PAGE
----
A slowdown in ambient food prices pushed food inflation to its lowest level since December 2006, according to the BRC-Nielsen Shop Price Index published today.
Food price inflation ran at 1.1% in February, down from 1.5% the month before. The rate is the lowest recorded since the index began.
Ambient food prices grew at 0.4%, down from 1.3% in January, led by falling prices in bread, cereal and non-alcoholic drinks.
Fresh food inflation was down marginally, at 1.5%, from 1.6% in January.
“In contrast to other household bills, the price of the weekly food shop is rising at a much slower pace,” said BRC director general Helen Dickinson. “Many of the larger food retailers have been looking closely at their investment in promotions and price cuts, suggesting competition could intensify further.”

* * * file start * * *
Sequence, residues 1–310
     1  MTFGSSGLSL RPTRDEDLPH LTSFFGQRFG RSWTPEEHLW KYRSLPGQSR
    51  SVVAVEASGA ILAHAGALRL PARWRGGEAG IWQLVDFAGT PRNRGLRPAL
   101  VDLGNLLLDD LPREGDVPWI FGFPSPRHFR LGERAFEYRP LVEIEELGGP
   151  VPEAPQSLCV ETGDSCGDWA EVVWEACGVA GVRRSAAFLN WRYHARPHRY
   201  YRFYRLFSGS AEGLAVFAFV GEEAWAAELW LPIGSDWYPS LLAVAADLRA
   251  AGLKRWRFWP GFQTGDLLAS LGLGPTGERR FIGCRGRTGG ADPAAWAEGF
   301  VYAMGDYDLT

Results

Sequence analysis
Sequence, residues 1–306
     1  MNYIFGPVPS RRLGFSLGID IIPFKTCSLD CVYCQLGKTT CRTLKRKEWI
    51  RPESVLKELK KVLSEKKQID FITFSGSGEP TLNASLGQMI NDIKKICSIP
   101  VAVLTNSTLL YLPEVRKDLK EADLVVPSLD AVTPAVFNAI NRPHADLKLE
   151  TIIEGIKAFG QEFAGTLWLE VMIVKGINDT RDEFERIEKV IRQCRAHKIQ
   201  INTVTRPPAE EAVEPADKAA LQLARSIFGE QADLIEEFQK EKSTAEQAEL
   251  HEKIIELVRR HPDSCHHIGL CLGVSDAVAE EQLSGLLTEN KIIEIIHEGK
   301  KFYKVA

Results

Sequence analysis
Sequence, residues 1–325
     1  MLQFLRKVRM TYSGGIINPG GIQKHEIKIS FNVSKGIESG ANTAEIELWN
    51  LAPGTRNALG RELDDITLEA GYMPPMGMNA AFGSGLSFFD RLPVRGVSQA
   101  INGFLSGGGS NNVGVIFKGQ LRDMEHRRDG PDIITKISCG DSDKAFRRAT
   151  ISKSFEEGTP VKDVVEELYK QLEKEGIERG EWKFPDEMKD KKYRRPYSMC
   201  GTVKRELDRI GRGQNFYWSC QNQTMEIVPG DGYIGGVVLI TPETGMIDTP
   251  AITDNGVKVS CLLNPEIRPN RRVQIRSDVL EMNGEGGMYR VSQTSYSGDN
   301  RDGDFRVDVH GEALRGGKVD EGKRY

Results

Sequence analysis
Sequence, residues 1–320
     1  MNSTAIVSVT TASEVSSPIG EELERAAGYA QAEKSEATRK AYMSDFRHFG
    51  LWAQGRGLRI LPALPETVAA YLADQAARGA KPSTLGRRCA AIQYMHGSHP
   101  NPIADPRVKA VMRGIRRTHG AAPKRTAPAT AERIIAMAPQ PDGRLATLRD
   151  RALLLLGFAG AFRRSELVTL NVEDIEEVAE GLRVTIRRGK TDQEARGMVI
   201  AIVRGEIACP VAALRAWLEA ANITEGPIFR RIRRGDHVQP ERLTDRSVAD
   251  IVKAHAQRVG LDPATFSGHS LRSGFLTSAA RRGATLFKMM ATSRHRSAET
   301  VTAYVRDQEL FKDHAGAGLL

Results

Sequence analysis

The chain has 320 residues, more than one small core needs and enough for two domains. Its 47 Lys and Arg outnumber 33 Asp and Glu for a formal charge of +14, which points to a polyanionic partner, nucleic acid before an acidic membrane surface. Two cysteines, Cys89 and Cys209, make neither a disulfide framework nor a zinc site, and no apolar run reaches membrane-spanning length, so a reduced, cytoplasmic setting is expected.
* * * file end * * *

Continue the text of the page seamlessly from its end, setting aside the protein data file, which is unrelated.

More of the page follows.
Poor harvests in Brazil had resulted in the price of coffee jumping 60% since the start of the year, the report said, but the global outlook for rising commodity prices remained “modest”.
Dickinson predicted consumer price inflation was likely to remain low in the coming months: “It is clear that retailers’ hard work to keep prices low for UK consumers is having considerable success.”
Overall shop prices fell 1.4% year-on-year in February, the lowest level of deflation since 2006. Non-food prices dropped 3%, with sharp deflation in the clothing and footwear sector.
Mike Watkins, head of retailer and business insight, Nielsen, said: “We have seen further falls in the Shop Price Index at the start of 2014, in particular in food. This is reflective of a challenging trading environment due to weather and weak demand, but also more favourable global supply conditions during the second part of 2013.
“Looking ahead, we still anticipate shop prices to remain below CPI for the immediate future.”